Gold Kist, Inc. v. Mullinax

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650 So. 2d 937 (1994)



Court of Civil Appeals of Alabama.

December 2, 1994.

*938 Robert P. Fann and Craig L. Lowell of Clark & Scott, P.C., Birmingham, for appellant.

Tameria S. Driskill of Barnett & Driskill, Guntersville, for appellee.


This is a workmen's compensation case.[1]

Juanita Mullinax filed a complaint in October 1990, alleging that on July 20, 1990, she was injured in the course of her employment with Gold Kist, Inc. She alleged that as she was walking back to her work station, she slipped into an uncovered drain and injured her right leg. Gold Kist answered, admitting that Mullinax had suffered an accident on the job, but denying the nature and extent of the injury and the alleged disability.

Following ore tenus proceedings, the trial court entered an order finding, inter alia, that Mullinax had suffered a loss of ability to earn, and awarding her benefits for temporary total disability, temporary partial disability, and permanent partial disability. The trial court granted Gold Kist a credit for paid temporary total disability benefits; however, no credit was given for advance payments made by Gold Kist to Mullinax for permanent partial disability. The trial court denied Gold Kist's postjudgment motion; hence, this appeal.

The only issue on appeal is whether the trial court erred in not crediting, toward the amount determined by the court to be due and owing, advance permanent partial disability payments made by Gold Kist to Mullinax.

At trial, the parties stipulated that, prior to trial, Gold Kist had paid certain specified benefits to Mullinax for temporary total disability and for permanent partial disability, and that the only issue remaining for trial was a determination of the percentage of disability. The trial court acknowledged the parties' stipulations in its judgment and made additional findings regarding Mullinax's disability and her entitlement to benefits. It then ordered specific benefits, allowed Gold Kist credit for advance payments for temporary total disability, and denied Gold Kist a credit for the permanent partial disability payments to Mullinax.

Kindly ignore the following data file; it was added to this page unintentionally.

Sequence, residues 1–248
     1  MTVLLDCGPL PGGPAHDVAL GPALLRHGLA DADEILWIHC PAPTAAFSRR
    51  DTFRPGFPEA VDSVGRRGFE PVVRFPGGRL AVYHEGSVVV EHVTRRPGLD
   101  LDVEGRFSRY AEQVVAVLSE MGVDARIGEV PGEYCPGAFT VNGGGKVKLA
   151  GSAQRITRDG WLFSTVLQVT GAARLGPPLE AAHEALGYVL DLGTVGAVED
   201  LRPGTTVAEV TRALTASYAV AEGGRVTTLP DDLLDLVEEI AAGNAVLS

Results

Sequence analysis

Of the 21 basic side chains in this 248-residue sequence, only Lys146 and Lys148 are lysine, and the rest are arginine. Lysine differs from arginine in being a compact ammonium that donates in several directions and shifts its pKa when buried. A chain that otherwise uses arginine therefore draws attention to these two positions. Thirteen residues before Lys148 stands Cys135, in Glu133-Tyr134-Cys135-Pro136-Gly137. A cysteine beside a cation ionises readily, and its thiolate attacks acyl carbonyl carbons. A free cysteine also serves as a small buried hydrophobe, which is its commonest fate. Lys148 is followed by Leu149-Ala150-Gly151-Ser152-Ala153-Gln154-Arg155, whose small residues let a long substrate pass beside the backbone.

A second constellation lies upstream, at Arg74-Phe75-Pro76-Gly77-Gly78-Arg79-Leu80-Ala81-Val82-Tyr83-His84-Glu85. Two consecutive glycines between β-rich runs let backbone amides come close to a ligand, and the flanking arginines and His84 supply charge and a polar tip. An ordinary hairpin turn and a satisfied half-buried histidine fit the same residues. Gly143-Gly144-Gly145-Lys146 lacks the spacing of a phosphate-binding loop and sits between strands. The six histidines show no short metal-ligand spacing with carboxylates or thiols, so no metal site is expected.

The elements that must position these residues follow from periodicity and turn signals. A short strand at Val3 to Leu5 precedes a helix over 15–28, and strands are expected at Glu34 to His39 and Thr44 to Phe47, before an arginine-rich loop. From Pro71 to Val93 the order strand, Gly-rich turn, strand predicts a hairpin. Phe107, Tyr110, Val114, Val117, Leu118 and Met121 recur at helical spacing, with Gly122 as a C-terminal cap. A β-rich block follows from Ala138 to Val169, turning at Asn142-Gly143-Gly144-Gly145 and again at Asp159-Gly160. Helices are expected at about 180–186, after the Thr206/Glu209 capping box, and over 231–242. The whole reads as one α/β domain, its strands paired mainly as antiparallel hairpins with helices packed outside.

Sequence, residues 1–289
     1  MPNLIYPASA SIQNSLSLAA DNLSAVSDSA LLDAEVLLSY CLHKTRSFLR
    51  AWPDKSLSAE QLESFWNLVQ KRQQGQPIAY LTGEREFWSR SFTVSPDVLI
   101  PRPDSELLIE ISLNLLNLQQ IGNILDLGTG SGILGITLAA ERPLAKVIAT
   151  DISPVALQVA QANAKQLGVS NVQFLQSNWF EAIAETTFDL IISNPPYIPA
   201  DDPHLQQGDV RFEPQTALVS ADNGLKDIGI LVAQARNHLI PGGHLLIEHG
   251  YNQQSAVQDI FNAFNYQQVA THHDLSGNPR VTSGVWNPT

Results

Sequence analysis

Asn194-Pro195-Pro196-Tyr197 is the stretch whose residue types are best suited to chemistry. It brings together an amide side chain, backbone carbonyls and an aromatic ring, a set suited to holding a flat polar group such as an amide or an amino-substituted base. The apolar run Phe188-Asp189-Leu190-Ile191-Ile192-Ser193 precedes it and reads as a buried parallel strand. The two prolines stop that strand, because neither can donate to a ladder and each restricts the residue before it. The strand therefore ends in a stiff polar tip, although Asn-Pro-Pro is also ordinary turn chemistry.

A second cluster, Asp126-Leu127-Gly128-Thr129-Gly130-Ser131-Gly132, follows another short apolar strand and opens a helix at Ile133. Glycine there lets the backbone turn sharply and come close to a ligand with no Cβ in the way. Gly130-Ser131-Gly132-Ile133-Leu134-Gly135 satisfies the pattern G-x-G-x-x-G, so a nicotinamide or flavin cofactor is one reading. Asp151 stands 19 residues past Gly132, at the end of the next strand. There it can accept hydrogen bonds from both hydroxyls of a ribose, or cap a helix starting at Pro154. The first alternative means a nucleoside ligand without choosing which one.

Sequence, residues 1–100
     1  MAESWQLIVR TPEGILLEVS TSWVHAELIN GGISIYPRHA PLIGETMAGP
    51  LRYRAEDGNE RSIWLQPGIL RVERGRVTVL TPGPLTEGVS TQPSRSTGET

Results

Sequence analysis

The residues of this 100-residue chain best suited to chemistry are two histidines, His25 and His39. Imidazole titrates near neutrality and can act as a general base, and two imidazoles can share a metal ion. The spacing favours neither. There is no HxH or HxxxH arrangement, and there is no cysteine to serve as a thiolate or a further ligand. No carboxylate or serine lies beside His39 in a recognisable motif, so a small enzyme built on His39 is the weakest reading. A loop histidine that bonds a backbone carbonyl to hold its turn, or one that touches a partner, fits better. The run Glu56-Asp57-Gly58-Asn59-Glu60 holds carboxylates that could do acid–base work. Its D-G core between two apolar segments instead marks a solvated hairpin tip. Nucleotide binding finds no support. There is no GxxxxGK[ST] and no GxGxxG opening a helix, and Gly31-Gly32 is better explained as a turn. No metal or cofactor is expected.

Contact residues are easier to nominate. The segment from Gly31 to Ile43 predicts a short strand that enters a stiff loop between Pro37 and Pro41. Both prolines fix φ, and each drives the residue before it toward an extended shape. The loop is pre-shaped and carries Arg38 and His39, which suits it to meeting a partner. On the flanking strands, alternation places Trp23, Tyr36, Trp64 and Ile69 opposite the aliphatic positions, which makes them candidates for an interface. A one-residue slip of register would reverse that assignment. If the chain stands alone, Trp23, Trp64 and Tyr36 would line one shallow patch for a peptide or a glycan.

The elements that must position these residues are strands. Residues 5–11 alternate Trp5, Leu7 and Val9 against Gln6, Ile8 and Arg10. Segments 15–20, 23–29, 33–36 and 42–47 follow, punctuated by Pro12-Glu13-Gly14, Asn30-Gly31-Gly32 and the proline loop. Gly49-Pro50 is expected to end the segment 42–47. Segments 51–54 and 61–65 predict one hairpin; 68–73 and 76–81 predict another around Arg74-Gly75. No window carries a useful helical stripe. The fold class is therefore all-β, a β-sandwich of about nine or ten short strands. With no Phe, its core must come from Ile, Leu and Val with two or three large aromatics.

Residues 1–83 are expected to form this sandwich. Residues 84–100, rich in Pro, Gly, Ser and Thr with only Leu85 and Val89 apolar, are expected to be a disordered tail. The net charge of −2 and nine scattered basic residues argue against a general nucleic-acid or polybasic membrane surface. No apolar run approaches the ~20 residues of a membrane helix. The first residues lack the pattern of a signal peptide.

On appeal, Gold Kist specifically argues that the trial court did not draw the correct legal conclusions from the findings of fact; i.e., that the trial court erred in ruling that no credit is allowed for advance payments of permanent partial disability when the final recovery is for a scheduled member.

Our review is a two-step process. Ex parte Eastwood Foods, Inc., 575 So. 2d 91 (Ala.1991). First, we must "look to see if there is any legal evidence to support the trial court's findings," and next, if such evidence is found, we must determine "whether any reasonable view of that evidence supports *939 the trial court's judgment." Eastwood at 93. Further, if one reasonable view of the evidence will support the trial court's judgment, we must affirm, "even if another, perhaps better reasoned view of the evidence might have dictated a different outcome." Ex parte Veazey, 637 So. 2d 1348, 1349 (Ala. 1993). Legal conclusions, however, are not entitled to a presumption of correctness, and this court must determine whether the correct legal conclusions have been drawn from the trial court's findings. Eastwood, supra.

The trial court's denial of credit for Gold Kist's permanent partial disability advance payments is addressed in the trial court's order denying Gold Kist's post-judgment motion, which states that "the court considered [advance payments made by Gold Kist for permanent partial disability] as one for a scheduled member, ... pursuant to section 25-5-57(a)(3)16, Code of Alabama.... For a scheduled member, a credit is not allowed." Additionally, the trial court rejected Gold Kist's contention that the sums previously paid were advance payments, pursuant to Ala.Code 1975, § 25-5-56, by stating that "no such payments were pleaded as required."

Our review of the Workmen's Compensation Act reveals nothing barring a credit for advance payments of permanent partial disability benefits. Although no section of the Act specifically provides for an employer to be given credit for permanent partial disability benefits paid prior to a trial court's judgment, the Act appears to favor the payment of benefits prior to litigation. In pertinent part, Ala.Code 1975, § 25-5-56, states,

"All moneys voluntarily paid by the employer or insurance carrier to an injured employee in advance of agreement or award shall be treated as advance payments on account of the compensation. In order to encourage advance payments, it is expressly provided that such payments shall not be construed as an admission of liability but shall be without prejudice."